Extraction of RNA was carried out as described by Fujiwara et al. (1993). For semi-quantitative reverse transcription (RT)–PCR, RNA was purified by using an RNeasy kit (Qiagen). Reverse transcription was carried out as described by Kaneko et al. (2010), except that 20 μL of the reaction solution contained 5 μg of total RNA as a template. The cDNA was diluted with 80 μL of TE (10 mM Tris-HCl, 1 mM ethylenediaminetetraacetic acid [EDTA], pH 7.5). PCR was carried out in 12.5 μL of reaction solution containing 1.25 μL of the cDNA pool. The primers MycRT-F1 and MycRT-R1 were used for amplification of the Pm-myc cDNA fragment from normally developing buds (Table S1). MycRT-F2 and MycRT-R2 were used for amplification from dsRNA-treated buds (Table S1). As a reference, a fragment of the cytoskeletal actin-encoding cDNA was amplified, using Act6RT-F1 and Act6RT-R1 (Table S1). The products of the PCR were separated in an agarose gel, stained with ethidium bromide, and quantified by ImageJ software (

In situ hybridization

The 1 kb fragment of the cDNA described above was inserted into pBluescript II SK+ (Stratagene). The cDNA was then amplified by PCR using M13-forward and M13-reverse primers. Using the product of the PCR as a template, digoxigenin-labeled RNA probe was prepared, according to the protocol supplied by the manufacturer (Roche). T3 RNA polymerase (Promega) was used to produce an antisense probe. Buds on glass slides were fixed on ice with 4% paraformaldehyde in phosphate-buffered saline for 12 h. In situ hybridization was performed as described by Sunanaga et al. (2007). After the immunological detection of hybridization signals, the specimens were embedded in JB4 plastic resin (Polyscience), and sectioned at a thickness of 2.0–2.5 μm.

RNA interference

The 506 bp and 1 kb cDNA fragments described above were used as templates for production of dsRNA. Each strand of the cDNA was separately transcribed using T3 RNA polymerase or T7 RNA polymerase (Takara). After treatment with DNaseI, the RNA samples were purified by phenol/chloroform extraction and ethanol precipitation. The RNA samples were mixed in a solution containing 750 mmol/L NaCl and 75 mmol/L sodium citrate. The mixture was denatured at 65°C for 10 min, and slowly cooled to form dsRNA. After phenol/chloroform extraction and ethanol precipitation, dsRNA was dissolved in sterile water.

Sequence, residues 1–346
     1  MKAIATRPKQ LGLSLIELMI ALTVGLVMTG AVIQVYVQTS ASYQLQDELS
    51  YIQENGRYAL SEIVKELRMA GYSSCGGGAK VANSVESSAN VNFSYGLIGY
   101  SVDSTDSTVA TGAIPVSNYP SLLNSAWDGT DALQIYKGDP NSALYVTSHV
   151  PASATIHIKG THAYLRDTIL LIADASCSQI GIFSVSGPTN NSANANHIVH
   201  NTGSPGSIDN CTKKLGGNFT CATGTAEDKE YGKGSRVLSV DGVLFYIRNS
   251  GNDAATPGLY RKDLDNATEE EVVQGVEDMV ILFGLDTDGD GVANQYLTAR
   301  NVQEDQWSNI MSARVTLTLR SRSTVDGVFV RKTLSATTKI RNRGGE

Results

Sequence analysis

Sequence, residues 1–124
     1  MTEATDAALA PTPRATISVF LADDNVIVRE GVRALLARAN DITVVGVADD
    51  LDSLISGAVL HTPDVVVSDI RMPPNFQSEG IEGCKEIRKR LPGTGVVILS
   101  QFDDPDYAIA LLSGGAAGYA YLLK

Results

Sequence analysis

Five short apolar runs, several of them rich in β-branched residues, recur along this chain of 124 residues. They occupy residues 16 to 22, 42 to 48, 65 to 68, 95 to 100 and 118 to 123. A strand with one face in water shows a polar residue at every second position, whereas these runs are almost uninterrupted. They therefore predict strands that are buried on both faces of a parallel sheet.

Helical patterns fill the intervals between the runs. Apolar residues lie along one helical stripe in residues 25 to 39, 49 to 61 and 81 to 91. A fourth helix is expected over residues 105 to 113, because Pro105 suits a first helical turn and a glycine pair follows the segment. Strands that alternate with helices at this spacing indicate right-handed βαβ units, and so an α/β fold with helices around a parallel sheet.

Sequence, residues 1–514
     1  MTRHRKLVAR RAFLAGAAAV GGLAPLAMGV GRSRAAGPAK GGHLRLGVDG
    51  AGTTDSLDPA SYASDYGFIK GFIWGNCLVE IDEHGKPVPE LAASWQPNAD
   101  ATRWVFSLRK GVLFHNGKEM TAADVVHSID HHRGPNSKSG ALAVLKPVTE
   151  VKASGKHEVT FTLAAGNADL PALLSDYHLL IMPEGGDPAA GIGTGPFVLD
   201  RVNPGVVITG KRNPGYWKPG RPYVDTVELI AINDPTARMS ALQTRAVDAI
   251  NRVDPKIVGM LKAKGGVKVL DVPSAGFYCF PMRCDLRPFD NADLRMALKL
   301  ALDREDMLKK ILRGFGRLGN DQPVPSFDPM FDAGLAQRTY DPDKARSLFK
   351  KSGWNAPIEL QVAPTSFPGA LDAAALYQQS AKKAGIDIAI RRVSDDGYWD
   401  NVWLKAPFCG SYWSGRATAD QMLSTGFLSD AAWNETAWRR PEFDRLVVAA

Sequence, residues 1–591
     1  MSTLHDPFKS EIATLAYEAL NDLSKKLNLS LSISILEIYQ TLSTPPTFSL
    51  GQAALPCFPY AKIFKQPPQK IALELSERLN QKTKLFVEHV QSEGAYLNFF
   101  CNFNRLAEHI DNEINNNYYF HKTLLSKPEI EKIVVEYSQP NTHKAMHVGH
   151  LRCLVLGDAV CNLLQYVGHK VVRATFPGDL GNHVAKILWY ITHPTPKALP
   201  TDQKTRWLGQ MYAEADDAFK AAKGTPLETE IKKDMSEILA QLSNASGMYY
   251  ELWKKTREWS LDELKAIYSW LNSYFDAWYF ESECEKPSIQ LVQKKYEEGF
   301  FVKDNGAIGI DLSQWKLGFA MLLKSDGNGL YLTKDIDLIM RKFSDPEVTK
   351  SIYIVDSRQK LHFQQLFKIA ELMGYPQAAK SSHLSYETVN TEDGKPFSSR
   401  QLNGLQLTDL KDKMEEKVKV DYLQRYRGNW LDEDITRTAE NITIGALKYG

Growing buds were separated from the parental body with a razor blade. The buds were treated with the dsRNA solution at room temperature for 1 h. The buds were cultured for a week, and fixed with 5% formalin for 30 min. The staining for the β-galactosidase (β-gal) activity was carried out as described by Kaneko et al. (2010).


Characterization of the P. misakiensis myc cDNA clones

Using PCR-based techniques, we obtained nine clones of cDNA homologous to the proto-oncogene myc, using a P. misakiensis library as a template. The clones contained the entire translated region encoding a polypeptide of 639 amino acids (Fig. S1). They were divided into two groups; each consisted of four and five clones (Figs S1, S2). Base substitutions within each group were <0.4% (data not shown). In contrast, 42 of 1959 nucleotides (2.1%) and 12 of 639 amino acid residues (1.9%) were different between the groups (Figs S1, S2). Although we infer that they are allelic variants (as discussed below), we tentatively named them Pm-myc1 and Pm-myc2. Their sequences have been submitted to the DNA Data Bank of Japan/European Molecular Biology Laboratory (DDBJ/EMBL)/GenBank databases under accession numbers AB669184 and AB669185. Analyses of expression and function described below were not designed to distinguish Pm-myc1 and Pm-myc2 because of high sequence similarity. In such cases, we collectively call them Pm-myc. The difference was concentrated in the C-terminal half of the coding region (Fig. S2). Amino acid sequences of the Myc box I (MbI), Myc box II (MbII) and basic helix-loop-helix (bHLH) motifs were completely identical between Pm-myc1 and Pm-myc2 (Figs 1, S2).